# What is the minimum mass required to distort space and time ?

1. Dec 20, 2009

### SBC

Hi

What is the minimum mass required to distort space and time ?

According to Einstein's General theory of relativity .
Mass distorts Space and Time.
Well Quantum Physics does not satisfy with General theory of relativity.

So, it asks a Question does G exist in quantum size world ?
well ,

My question is that .....

"What is the minimum mass required to distort space and time ?"

I mean Does asteroid can distort space and Time ?

Does big comet can distort space and time ?

Does astronaut can distort Space and time ?

I mean What is the minimum MASS limit to distort Space and time ?

I call it "Einstein space time distortion limit !"

2. Dec 20, 2009

### espen180

According to GR, all mass distorts spacetime. It is only a question of how much it distorts. There is no "limit".

3. Dec 20, 2009

### SBC

a particle would distort too ??

4. Dec 20, 2009

### espen180

Yes, but something like an electron makes such little distortion that it is negligable.

In spherical coordinates, the radial component of the spacetime metric for a point mass is $$\frac{1}{1-\frac{2GM}{c^2r}}$$ where $$G=6.673(10)\cdot 10^{-11} m^{3} kg^{-1} s^{-2}$$ is the gravitational constant, $$c=2.99792458\cdot 10^{8}m\, s^{-1}$$ is the speed of light in vacuum, $$M$$ is the mass of the particle and $$r$$ is the distance from the particle. You can see that unless the mass is huge og you are close to the schwartzschild radius of the paricle, there really is no significant curvature.

5. Dec 20, 2009

### MissSilvy

If I recall correctly, the r in the Schwarzschild equation is the radius of the particle. Or am misremembering things? Otherwise, solid explanation.

6. Dec 20, 2009

### espen180

The r in the Scwartzschild equation is definately not the radius of the particle. The equation is only valid outside the mass, and if the radius is smaller then the Scwartzschild radius, the equation only holds outside the Scwartzschild radius. There are other coordinates which describe the interior of the black hole, and all of them (as far as I know) break down at the center (r=0).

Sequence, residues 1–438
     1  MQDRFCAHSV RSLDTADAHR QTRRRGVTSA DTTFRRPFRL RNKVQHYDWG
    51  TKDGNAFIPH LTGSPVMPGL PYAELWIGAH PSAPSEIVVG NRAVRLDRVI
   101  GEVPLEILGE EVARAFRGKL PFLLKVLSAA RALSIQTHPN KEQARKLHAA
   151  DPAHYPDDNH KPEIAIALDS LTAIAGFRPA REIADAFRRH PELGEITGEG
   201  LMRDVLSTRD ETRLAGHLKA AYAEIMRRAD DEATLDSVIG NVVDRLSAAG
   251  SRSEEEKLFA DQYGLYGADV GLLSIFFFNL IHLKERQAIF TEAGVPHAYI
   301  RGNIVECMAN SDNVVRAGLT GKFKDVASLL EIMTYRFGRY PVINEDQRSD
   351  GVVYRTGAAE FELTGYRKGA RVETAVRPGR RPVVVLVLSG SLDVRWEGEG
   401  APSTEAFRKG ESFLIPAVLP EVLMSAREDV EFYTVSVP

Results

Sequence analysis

7. Dec 20, 2009

### MissSilvy

Ack, you're most definitely correct. Sorry, carry on :)

8. Dec 20, 2009

### Nabeshin

Another way of thinking about it is that Einstein's bending of spacetime geometry is simply a different way of thinking about what we have classically thought of as the gravitational force. If you were to ask what is the smallest particle which interacts gravitationally, the answer would surely be "no matter how small the mass, all massive particles interact gravitationally."

9. Dec 20, 2009

### TurtleMeister

But there is a difference between "interacting with gravity (passive)" and "producing a gravitational field (active)". Laboratory experiments have demonstrated that leptons have passive gravitational mass. But there is no conclusive experimental evidence to show that leptons produce a gravitational field (bend space time). This is an assumption based on theory.

10. Dec 20, 2009

### espen180

If we are talking about single leptons, I think a theory of quantum gravity is neccesary. Quantum effects would certainly be a factor in measurements of the gravitational attraction between single leptons.

11. Dec 20, 2009

### Nabeshin

Interesting.

My first thought is, probably quite naturally, to write it off as the fact that a lepton produces a terribly weak gravitational field which is extremely difficult to detect.

If indeed a lepton did not produce a gravitational field, I have a feeling that would throw a wrench in something in GR but I can't quite put my finger on it. Equivalence principle, perhaps? Not sure. At any rate, thanks for the clarification!

12. Dec 25, 2009